UNION MOVEMENT AND MEMBERSHIP

Trade unions in India, as in most other countries, have been the natural outcome of the modern factory system. The development of trade unionism in India has a chequered history and a stormy career.
Early Period
Efforts towards organising the workers for their welfare were made, during the early period of industrial development by social workers, philanthropists and other religious leaders mostly on humanitarian grounds. The first Factories Act, 1881, was passed on the basis of the recommendations of the Bombay Factory Commission, 1875. Due to the limitations of the Act, the workers in Bombay Textile Industry under the leadership of N M Lokhande demanded reduced of hours of work, weekly rest days, mid-day recess and compensation for injuries. Bombay Mill owners’ Association conceded the demand for weekly holiday. Consequently, Lokhande established the first Workers’ Union in India in 1890 in the name of Bombay Millhands Association. A labour journal called “Dinabandu” was also published.
Some of the important unions established during the period are: Amalgamated society of Railway Servants of India and Burma (1897), the Printers Union, Calcutta (1905) and
the Bombay Postal Union (1907), the Kamgar Hitavardhak Sabha (1910) and the Social
Service League (1910). But these unions were treated as ad hoc bodies and could not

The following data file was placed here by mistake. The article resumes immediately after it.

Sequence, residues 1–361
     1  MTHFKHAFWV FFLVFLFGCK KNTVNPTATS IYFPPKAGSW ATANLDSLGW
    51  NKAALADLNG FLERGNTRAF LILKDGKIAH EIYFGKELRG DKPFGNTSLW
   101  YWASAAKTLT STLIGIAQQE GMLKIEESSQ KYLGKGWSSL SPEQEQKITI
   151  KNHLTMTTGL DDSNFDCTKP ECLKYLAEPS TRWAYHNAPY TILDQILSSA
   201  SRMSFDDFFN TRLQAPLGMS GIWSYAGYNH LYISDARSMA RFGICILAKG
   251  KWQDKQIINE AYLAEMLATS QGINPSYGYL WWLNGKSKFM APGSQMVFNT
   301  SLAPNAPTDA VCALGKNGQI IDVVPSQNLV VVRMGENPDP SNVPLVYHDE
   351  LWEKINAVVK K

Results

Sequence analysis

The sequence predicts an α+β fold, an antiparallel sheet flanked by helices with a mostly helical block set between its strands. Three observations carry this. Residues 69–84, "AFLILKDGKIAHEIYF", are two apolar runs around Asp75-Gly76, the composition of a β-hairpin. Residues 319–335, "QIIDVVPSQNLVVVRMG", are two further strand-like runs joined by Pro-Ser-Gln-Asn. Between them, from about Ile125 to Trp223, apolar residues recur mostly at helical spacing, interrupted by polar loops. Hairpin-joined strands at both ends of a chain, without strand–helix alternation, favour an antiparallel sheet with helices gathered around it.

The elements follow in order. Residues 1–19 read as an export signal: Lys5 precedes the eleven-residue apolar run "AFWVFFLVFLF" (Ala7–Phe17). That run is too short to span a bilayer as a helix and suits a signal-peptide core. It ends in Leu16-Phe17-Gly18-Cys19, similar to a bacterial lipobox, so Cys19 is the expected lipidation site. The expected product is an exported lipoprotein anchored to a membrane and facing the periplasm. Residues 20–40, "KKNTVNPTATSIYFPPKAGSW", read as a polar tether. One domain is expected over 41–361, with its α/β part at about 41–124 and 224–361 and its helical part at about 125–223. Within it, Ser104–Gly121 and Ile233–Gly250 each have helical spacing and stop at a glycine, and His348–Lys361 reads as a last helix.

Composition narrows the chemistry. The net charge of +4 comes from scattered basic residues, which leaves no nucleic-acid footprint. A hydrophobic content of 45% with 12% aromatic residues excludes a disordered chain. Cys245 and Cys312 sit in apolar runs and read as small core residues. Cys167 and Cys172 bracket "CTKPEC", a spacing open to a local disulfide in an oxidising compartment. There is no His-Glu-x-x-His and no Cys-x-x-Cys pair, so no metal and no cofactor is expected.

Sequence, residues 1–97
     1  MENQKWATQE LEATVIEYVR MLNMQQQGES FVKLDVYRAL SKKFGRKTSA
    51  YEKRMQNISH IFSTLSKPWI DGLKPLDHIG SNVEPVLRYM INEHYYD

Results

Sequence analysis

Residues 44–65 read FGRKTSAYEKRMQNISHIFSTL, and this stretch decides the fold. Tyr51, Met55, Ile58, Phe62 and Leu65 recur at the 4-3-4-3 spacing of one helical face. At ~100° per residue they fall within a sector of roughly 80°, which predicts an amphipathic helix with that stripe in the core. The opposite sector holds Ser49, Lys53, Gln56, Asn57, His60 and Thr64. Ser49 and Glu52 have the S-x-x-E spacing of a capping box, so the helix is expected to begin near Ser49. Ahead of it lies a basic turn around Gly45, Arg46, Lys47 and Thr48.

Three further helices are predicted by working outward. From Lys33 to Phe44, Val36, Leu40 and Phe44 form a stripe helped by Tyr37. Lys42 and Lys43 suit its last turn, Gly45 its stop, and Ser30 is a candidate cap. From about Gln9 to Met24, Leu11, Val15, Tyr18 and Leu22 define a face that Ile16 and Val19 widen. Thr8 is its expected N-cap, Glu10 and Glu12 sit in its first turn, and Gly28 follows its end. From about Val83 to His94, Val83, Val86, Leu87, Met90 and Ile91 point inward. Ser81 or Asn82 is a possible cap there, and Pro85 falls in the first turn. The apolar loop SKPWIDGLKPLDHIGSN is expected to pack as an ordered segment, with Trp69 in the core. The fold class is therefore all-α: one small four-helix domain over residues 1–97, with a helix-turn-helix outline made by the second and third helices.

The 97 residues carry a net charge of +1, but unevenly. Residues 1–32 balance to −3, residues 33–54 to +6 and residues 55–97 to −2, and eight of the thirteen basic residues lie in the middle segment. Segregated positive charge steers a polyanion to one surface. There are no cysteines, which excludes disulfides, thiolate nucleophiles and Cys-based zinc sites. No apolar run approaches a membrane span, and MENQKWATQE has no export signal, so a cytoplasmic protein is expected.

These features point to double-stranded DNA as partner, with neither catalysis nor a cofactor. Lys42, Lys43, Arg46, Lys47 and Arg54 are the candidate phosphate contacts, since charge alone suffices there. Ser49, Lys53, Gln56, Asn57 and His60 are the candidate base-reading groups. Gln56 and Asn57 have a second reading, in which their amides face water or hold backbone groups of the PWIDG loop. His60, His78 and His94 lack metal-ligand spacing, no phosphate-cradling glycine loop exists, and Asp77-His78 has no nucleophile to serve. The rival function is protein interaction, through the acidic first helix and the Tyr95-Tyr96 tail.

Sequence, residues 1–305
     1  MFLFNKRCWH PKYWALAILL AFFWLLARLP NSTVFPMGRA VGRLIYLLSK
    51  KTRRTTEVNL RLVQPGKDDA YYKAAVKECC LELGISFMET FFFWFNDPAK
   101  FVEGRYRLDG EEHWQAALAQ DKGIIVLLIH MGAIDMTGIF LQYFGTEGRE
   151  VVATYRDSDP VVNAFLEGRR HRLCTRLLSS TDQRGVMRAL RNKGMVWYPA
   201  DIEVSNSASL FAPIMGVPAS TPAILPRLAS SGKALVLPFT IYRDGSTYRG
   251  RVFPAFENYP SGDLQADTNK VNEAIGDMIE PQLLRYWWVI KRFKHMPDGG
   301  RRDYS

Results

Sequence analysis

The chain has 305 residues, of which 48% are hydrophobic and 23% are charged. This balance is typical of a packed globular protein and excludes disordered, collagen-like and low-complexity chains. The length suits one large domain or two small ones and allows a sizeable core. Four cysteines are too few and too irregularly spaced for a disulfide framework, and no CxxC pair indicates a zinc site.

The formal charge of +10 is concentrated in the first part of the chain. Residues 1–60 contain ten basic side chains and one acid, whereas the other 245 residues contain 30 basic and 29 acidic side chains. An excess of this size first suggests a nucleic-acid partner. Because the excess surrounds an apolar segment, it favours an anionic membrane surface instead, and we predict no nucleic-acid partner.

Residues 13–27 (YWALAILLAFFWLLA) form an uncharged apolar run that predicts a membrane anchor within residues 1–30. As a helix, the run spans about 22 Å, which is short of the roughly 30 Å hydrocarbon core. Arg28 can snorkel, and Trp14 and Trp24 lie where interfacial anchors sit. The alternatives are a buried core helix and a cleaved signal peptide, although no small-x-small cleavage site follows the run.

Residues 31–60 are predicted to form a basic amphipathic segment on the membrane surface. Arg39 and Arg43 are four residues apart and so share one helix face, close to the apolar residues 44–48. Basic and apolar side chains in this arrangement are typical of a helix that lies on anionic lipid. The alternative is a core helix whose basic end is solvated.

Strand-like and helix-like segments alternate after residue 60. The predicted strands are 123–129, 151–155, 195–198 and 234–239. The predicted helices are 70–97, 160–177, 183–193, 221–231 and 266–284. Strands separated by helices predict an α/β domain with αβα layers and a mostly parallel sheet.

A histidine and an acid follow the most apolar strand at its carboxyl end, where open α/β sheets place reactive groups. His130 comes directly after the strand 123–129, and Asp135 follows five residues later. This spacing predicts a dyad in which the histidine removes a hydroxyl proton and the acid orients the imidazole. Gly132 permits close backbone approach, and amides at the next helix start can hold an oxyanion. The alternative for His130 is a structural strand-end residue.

serve the purpose of trade unions.
A Modest Beginning
The beginning of the Labour movement in the modern sense started after the outbreak of World War I in the country. Economic, political and social conditions of the day influenced the growth of trade union movement in India. Establishment of International Labour Organisation in 1919 helped the formation of trade unions in the country. Madras Labour Union was formed on systematic lines in 1919. A number of trade unions were established between 1919 and 1923. Categorywise unions like Spinners’ Union and Weavers’ Union came into existence in Ahmedabad under the inspiration of Mahatma Gandhi. These unions were later federated into an industrial union known as Ahmedabad Textile Labour Association. This union has been formed on systematic lines and has been functioning on sound lines based on the Gandhian Philosophy of mutual trust, collaboration and non-violence.

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